Roughly steps I take are:

1. Take out below a 100hz (12dB cut or more) this gets added back in with an dynamic EQ expander so there is a slight boost when the tom is hit. This release is set to shape the tail of the hit.
2. A dynamic expanding EQ to the fundamental frequency of the tom.
3. The kick frequency is side-chained to the floor tom, so that the kick wins.
4. The lower end has a very slow attack compressor that pulls back over time, so if there is one hit you feel it in the subs, but if they go to a tom groove there is not constant low end sub rumble from the hits adding up.
5. Depending on how noisy the tom is picking up the kit I sometimes have an EQ top end boost that is off of a tom trigger. Sometimes I do gate off of a trigger. Sometimes I sidechain the tom to the snare so that the top end of the tom mic disappears during the top end.

Overheads: Even with well positioned and delayed overheads you will get transient smear from the snare.

The approach of most engineers I know is to only use the top end of the spectrum for the overheads say 6-8k and up. This is valid, but not my favorite approach. While it mitigates some of the conflict for the snare hit, it also misses the body of the cymbals. To the point those nice expensive custom cymbals a good drummer is bringing don't feel that nice.

So for here I do some dynamic stuff.

Depending on what is available, I either have compressor keyed to the snare or large dynamic band keyed to the snare that pulls back those frequencies (say 1-3k); sometimes I do both. You want to be taking away about 6dB on a good hard hit. If you are doing the dynamic part this enables you to have a greater frequency on the overheads and to capture the body, without fighting the snare.

I then do a second of layer compression to tame some of the harder cymbal hits. Pull out any offending frequencies.


---

I also wanted to talk "budget" for a second

As you stated you are from a small church, as it is small lets think of budget as so  :D

As it is so small don't bother with the budget, bypass it. If there are upgrades you really think are needed take some ownership and raise some money for it. Find a few like minded conspirators and put some cash down on it, invest in your idea. If you approach your pastor and state,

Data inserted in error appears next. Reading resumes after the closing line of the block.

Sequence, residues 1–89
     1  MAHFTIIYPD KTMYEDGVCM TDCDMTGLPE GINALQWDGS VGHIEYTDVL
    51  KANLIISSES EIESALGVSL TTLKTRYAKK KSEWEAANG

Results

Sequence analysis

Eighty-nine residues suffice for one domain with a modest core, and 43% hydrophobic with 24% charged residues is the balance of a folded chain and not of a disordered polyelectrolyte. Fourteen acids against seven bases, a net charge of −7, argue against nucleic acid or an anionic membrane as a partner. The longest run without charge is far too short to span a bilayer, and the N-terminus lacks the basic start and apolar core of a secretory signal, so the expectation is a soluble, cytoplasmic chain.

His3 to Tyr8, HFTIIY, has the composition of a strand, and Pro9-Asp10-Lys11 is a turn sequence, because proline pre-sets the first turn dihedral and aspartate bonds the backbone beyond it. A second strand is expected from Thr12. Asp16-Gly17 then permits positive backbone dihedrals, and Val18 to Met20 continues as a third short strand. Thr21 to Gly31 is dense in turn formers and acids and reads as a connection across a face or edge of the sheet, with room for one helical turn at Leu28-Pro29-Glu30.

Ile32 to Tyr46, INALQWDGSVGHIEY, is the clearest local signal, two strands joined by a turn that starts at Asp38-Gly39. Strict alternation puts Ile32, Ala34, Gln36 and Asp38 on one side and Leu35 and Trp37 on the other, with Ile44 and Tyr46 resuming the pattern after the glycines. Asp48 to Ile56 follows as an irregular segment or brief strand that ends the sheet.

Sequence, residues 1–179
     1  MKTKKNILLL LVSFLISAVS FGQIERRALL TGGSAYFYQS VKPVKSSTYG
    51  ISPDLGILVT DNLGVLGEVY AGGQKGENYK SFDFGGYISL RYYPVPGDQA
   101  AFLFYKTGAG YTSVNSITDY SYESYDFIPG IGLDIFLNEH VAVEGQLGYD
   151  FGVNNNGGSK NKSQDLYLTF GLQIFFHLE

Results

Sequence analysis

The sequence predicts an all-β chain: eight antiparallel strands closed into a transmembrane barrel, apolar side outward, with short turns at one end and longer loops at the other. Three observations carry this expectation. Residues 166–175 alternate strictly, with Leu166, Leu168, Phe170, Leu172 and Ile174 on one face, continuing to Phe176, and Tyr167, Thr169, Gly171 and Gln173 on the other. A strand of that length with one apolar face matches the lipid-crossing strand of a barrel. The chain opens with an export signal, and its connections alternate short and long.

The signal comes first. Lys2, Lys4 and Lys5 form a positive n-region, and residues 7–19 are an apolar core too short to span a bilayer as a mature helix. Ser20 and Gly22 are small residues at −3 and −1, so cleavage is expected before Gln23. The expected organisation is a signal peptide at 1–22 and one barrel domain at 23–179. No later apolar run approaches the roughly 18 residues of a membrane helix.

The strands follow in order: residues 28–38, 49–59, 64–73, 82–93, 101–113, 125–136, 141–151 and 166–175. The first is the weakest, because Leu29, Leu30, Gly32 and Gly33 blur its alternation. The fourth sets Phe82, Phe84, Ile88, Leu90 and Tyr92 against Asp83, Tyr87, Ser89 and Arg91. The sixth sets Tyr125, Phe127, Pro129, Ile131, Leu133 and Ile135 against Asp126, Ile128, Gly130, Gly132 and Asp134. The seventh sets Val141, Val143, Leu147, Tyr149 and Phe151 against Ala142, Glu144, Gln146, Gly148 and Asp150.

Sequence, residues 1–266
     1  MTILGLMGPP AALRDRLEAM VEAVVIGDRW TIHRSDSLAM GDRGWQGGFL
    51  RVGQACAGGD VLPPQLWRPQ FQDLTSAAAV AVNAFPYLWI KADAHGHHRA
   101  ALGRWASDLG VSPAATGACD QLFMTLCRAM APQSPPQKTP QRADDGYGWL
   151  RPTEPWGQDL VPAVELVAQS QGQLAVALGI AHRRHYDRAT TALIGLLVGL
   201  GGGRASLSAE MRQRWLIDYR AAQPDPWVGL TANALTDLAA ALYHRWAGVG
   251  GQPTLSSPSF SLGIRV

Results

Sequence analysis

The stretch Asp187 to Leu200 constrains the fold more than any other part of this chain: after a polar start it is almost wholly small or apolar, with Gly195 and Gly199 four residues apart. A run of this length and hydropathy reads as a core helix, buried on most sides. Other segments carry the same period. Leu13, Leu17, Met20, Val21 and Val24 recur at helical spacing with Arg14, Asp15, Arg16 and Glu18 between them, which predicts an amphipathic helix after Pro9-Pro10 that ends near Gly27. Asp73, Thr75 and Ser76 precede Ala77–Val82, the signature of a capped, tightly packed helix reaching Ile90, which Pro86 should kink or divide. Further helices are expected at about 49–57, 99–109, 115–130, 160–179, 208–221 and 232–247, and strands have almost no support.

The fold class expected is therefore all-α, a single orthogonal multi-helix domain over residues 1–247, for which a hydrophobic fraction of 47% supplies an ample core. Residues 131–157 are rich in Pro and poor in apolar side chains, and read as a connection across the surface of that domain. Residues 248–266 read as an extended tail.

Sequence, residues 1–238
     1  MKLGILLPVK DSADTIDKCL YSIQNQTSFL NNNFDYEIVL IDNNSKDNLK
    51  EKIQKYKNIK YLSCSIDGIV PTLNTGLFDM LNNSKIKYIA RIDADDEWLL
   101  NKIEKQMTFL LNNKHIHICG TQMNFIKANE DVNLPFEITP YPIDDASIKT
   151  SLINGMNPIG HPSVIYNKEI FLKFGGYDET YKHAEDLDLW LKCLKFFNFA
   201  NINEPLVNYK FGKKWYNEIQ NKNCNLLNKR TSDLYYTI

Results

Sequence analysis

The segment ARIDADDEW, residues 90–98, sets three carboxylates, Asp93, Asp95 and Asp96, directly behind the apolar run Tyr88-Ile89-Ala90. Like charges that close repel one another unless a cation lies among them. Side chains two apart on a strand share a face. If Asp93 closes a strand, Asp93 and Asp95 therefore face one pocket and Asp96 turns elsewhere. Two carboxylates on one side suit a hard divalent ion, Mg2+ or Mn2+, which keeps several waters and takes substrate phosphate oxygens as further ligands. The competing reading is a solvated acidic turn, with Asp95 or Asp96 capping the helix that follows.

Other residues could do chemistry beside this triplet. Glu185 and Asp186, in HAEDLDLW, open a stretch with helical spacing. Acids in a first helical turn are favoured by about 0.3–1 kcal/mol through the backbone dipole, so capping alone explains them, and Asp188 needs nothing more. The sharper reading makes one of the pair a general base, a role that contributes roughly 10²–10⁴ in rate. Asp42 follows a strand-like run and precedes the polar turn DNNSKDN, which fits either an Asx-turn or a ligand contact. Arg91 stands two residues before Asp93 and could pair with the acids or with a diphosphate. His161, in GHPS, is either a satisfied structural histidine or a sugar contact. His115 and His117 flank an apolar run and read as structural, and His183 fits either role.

"We would like to purchase product X, which will help improve this..., I have already secured us a $4k matching grant" I doubt they will say no, and they probably announce it after offering as something people can give to. I have seen this raise $20k for new gear for small churches in a week or two. To the point I have seen God provide in some incredible ways!
The sky is the limit!
--

Additionally as you have some personal Waves plugins, it seems to me that you are wanting to get better and possibly have some personal finances to invest. So maybe the church doesn't buy a better mic package, you do. When I started out my mentor made me buy a Pelican and furnished me with some mics.

So I would roll into the little churches with my 1510 and mic the kit up right. Where I went so did my mics. I really got to learn how those mics worked by using them across many PA's.

This kit will be your personal one, and you can serve where you mix with them. What mics do you want own and get to know? Additionally setting them up fresh every week will help you to become more proficient at doing it an efficient manner and should help you to learn positioning.

Thank you Matthias:

Lots of tips here for me to digest. You're right that I personally want to get better at this. Sort of a personal challenge now. When I was asked to take over the technology duties at church is when I started accumulating a lot of Waves plugins. I wanted to learn more about the mixing craft, and playing around with those using downloaded mutitracks was one method. Lately I've been able to practice using raw tracks from the church services recorded via Dante. I also use Dante with the TF5 to do virtual mixing practice during the week.

I understand what you are saying about the compressor sidechaining, but unfortunately the TF5 does not offer any sidechaining that I am aware of.

I have already made quite a number of personal equipment purchases and donated those to the cause. I will continue to do so as I am able. Just last month I picked up four e935s while the Sennheiser sale was on. I've bought a number of other things for the church over the last five years and will continue to do so as I am able. I'm thinking an Audix D6 might be my next buy based on things said on this board and elsewhere.

You've given me a number of ideas to toy with. I can't do many of them live due to current hardware limitations, but I can certainly play around in my DAW and try them on the raw tracks I have and hone my craft a bit. I live in the actual and for real "sticks", so there are no readily available mentors to learn from. The closest city with more than 50,000 folks is two hours away. Thus my hunt for Internet mentors ... :)